How to recognize them?

Whales live their lives between two worlds. When they surface, they reveal but a small portion of their bodies. Learn to identify the most common species of the St. Lawrence with the following tips.

Minke whale

  • medium size (6 to 9 m)
  • black back
  • spout barely or not at all visible
  • curved dorsal fin visible almost as soon as the animal appears
  • does not show its tail when it dives
  • often dynamic: leaps and rolls, clearly exposing white or pink parts. A breaching minke whale can be distinguished from a humpback by its smooth fins.

Fin whale

  • large size (18 to 21 m)
  • back almost black
  • powerful and often visible spout (4 to 6 m high)
  • dorsal fin clearly visible when the animal dives
  • generally does not show its tail
  • sometimes alone or in pairs, often in groups of three to six individuals in tight formations

Blue whale

  • large size (20 to 25 m)
  • bluish-gray or light gray back
  • powerful spout that can be seen and heard up to several kilometres away (6+ m high)
  • wide blowhole forming a bump on its head
  • tiny dorsal fin
  • typically solitary, but occasionally in pairs
  • approximately 15% of St. Lawrence blue whales show their tails when diving

Humpback whale

  • medium size (11 to 13 m) between that of a minke whale and that of a fin whale
  • black back
  • balloon-shaped spout (nearly as wide as high), may reach 3 m high.
  • small dorsal fin on a hump
  • generally shows black and white tail when it dives
  • often dynamic: breaching, lobtailing, slapping of pectoral fins (very long, white or black)


  • small size (3 to 5 m)
  • brief surface appearances, easily mistaken for cresting waves
  • adult entirely white
  • spout barely or not at all visible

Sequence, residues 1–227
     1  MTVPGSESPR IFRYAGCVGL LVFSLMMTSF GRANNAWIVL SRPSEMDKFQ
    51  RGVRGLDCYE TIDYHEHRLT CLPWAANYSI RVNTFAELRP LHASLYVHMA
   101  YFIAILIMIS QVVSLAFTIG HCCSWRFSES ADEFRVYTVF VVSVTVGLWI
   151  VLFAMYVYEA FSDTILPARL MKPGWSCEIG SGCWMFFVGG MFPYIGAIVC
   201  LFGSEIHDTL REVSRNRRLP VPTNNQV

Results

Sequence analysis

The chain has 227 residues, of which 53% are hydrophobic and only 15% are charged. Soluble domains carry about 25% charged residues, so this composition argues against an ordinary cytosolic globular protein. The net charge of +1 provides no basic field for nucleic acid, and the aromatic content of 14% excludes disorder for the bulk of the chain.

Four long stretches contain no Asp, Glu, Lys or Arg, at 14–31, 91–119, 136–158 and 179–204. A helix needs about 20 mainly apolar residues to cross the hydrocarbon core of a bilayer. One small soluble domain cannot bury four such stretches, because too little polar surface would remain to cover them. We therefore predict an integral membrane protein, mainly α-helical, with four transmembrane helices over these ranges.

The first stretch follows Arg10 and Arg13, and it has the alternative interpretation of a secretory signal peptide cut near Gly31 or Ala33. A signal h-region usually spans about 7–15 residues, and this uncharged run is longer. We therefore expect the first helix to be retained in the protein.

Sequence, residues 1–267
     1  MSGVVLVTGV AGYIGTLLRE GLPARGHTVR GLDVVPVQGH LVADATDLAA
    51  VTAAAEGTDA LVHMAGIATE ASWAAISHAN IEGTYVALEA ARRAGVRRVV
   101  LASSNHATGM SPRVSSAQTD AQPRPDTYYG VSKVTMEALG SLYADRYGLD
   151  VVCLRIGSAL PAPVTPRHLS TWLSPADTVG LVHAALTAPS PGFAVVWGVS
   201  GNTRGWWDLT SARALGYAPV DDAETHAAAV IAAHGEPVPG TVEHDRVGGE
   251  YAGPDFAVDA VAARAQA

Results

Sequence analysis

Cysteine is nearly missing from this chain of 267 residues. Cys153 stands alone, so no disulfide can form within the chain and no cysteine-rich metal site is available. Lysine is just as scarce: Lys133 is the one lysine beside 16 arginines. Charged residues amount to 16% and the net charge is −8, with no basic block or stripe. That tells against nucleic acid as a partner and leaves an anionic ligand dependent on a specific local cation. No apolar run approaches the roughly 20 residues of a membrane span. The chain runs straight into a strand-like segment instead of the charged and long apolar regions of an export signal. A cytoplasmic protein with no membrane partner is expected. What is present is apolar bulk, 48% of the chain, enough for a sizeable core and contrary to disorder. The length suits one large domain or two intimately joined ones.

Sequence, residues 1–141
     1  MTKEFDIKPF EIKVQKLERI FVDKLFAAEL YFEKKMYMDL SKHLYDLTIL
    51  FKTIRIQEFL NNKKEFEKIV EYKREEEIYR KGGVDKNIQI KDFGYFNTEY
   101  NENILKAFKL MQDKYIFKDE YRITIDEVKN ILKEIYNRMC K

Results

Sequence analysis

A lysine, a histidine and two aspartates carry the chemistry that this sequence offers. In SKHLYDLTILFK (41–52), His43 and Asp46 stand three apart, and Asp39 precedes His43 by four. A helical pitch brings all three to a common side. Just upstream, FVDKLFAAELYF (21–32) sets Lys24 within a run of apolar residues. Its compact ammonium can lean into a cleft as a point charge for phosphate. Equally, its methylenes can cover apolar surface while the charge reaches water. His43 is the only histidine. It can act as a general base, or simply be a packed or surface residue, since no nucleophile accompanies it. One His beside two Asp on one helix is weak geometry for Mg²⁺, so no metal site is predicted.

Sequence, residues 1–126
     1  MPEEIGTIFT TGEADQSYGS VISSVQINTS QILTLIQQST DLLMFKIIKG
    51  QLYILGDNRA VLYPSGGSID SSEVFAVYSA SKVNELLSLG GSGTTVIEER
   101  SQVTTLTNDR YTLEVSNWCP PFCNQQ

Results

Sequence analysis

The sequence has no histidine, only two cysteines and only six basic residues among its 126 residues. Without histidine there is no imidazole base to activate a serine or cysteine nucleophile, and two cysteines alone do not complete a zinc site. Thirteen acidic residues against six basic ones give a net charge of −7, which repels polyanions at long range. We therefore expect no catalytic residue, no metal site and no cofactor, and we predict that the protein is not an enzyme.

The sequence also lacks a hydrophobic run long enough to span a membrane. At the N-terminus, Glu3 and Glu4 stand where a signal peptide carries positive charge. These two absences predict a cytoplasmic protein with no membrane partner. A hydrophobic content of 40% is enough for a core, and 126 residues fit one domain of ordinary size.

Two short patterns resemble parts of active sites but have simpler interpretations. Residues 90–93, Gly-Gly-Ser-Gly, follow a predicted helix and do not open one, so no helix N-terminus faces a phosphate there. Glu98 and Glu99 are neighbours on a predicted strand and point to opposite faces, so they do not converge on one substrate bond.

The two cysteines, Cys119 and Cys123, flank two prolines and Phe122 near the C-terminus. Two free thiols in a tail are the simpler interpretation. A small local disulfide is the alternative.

• often in groups
  • CAUTION! It is forbidden to approach a beluga. If a beluga approaches your watercraft, you should move away from it as quickly and calmly as possible.

Harbour porpoise

  • smallest whale of the St. Lawrence (1.5 to 2 m)
  • dark back
  • spout audible but not visible
  • large triangular-shaped dorsal fin
  • observed alone or in small groups
  • difficult to observe except in very calm weather
  • swims quickly and without splashing

North Atlantic right whale

  • medium size (10 to 17 m) between that of a minke whale and that of a fin whale
  • black back and yellow, white or orangish callosities on upper head
  • V-shaped spout (two very distinct jets, the orifices of the double blowhole being widely spaced apart), 5 m high.<
  • no dorsal fin
  • no ventral grooves
  • the right whale is a very slow swimmer

Sperm whale

  • medium size (11 to 18 m) between that of a minke whale and that of a fin whale
  • gray, black or brownish back
  • distinctly angled spout (the blowhole is offset well to the left side of the head), 3 m high.
  • bump-shaped dorsal fin that appears at the same time as the spout
  • sometimes shows its dark, triangular-shaped tail when it dives


Consult the data sheets to learn more about these species and several others!